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What is Alzheimer’s Disease?

Alzheimer’s disease is the most common cause of dementia, which is the collective name for symptoms associated with damage to the brain. It is a progressive disorder affecting memory, thought process and behaviour.


Alzheimer’s disease is characterised by the presence of abnormal protein deposits in the form of amyloid plaques and neurofibrillary tangles (or tau). These cause nerve cell damage in the brain, interrupting connections between neurons responsible for transmitting messages within the brain and to the rest of the body.  Essentially, the proteins wrap around and stick to the neurons blocking the communication signals between them.  The damage initially takes place in the part of the brain responsible for memory but as it progresses can affect all areas of the brain


The early stages of Alzheimer’s disease

Sometimes the early signs of dementia can be confused with stress, menopause, side effects of certain types of medicines, other health problems, or the onset of old age. A person might start to forget about recent events or ask questions repetitively. They might struggle in finding the right word or forget where things are. There may also be mood changes, or increased anxiety.


There are many reasons why these things might start to happen but, if these occurrences get more frequent, or concerning, then it’s a good idea to consult a GP. They can carry out a series of checks to find out what might be causing the symptoms and refer you to a specialist if this is required.


In addition to the early signs of Alzheimer’s disease mentioned above, people may also become less likely to want to try new things and struggle with facial recognition. These symptoms will increase with heightened anxiety so it’s important to find out what it is that is making the person anxious and work on alleviating this, because reducing anxiety can reduce symptoms.


Our Wayfinders are available to support people from the very early stages of Alzheimer’s disease and this includes pre-diagnosis. If you need help, advice or support, you can speak to a member of the team on 01243 888691.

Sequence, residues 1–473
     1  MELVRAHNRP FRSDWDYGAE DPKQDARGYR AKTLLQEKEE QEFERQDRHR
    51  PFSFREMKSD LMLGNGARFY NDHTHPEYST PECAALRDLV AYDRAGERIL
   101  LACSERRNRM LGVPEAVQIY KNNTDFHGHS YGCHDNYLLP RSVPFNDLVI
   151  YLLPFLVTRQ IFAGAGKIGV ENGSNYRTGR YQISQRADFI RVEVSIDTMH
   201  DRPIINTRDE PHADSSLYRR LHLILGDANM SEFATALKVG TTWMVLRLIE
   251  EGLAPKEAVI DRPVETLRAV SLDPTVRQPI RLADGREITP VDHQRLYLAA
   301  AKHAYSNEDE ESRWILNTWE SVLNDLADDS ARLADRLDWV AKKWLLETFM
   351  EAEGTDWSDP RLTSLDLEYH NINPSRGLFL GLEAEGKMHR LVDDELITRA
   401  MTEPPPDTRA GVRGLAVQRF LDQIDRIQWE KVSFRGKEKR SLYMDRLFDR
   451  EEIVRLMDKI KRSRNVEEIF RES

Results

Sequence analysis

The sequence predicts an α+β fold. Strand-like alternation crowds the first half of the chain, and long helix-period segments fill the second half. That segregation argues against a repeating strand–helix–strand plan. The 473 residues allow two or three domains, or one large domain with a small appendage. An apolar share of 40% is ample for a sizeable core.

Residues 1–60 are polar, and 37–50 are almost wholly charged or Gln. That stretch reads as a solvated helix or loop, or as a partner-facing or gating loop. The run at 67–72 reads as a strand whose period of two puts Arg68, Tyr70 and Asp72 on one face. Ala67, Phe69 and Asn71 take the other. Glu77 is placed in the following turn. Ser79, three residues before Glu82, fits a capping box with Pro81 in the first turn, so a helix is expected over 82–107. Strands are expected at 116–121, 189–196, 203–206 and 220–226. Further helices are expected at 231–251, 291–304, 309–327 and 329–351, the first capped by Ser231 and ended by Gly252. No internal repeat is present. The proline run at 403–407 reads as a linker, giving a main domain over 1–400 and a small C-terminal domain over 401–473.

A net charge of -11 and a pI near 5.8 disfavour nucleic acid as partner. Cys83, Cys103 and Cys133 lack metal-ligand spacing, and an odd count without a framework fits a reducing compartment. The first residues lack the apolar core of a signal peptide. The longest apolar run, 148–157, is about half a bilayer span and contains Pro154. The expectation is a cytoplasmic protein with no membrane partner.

Progression of Alzheimer’s disease


As Alzheimer’s disease progresses, the symptoms mentioned above start to become progressively more challenging and the person is likely to grow increasingly more confused and disorientated. They may experience paranoia, problems with speech and language and they may also experience hallucinations.


In time, more serious issues can present themselves. The person may have difficulty eating or swallowing leading to weight loss, they may experience incontinence or struggle with balance and mobility.

Once these symptoms start to affect their daily life, overall wellbeing or general safety, this is when additional support with everyday living is often required. 

However, throughout the whole dementia journey, there are lots of ways in which you can help someone with Alzheimer’s disease to live well.


How to help someone with Alzheimer’s disease


When you are with someone who has Alzheimer’s it is important to stay calm and not correct them when they don’t remember something or get something wrong. Always agree with how the person perceives things to be, as confusing them can make them feel anxious and cause symptoms to worsen.

In one example, a Wayfinder was supporting a lady with Alzheimer’s and when she was very anxious, she was unable to gauge her own age and felt she was much younger. When her husband walked into the room, she didn’t recognise him, but she didn’t feel threatened or fearful because she thought the older man was her dad and started calling him dad. When a younger man walked into the room, again, she wasn’t worried because she thought he was her husband - in fact the younger man was her son.

Her husband and son went with her interpretation of who they were and did not correct her. Her anxiety reduced and within a short time she started calling her husband by his name and recognised the younger man as her son.

By learning about dementia, you can help someone to live well with the disease, whether they have Alzheimer’s, or any other one of the 200 different types of dementia.

In addition to learning how to communicate with someone who has dementia, there are also ways in which you can help them to live well, such as through, physical activities and those which are designed to promote the best possible cognitive health and happiness. You may also wish to help your loved one plan for the future and if so, we can help guide you on this.


Get in touch today for help and support


For more help and information or to find out more about how to support a person living with dementia, get in touch with a member of our Wayfinding team, on 01243 888691. You could also attend one of our dementia training sessions, or if you are a carer for someone who is living with dementia, you could join one of our support groups. We look forward to hearing from you.


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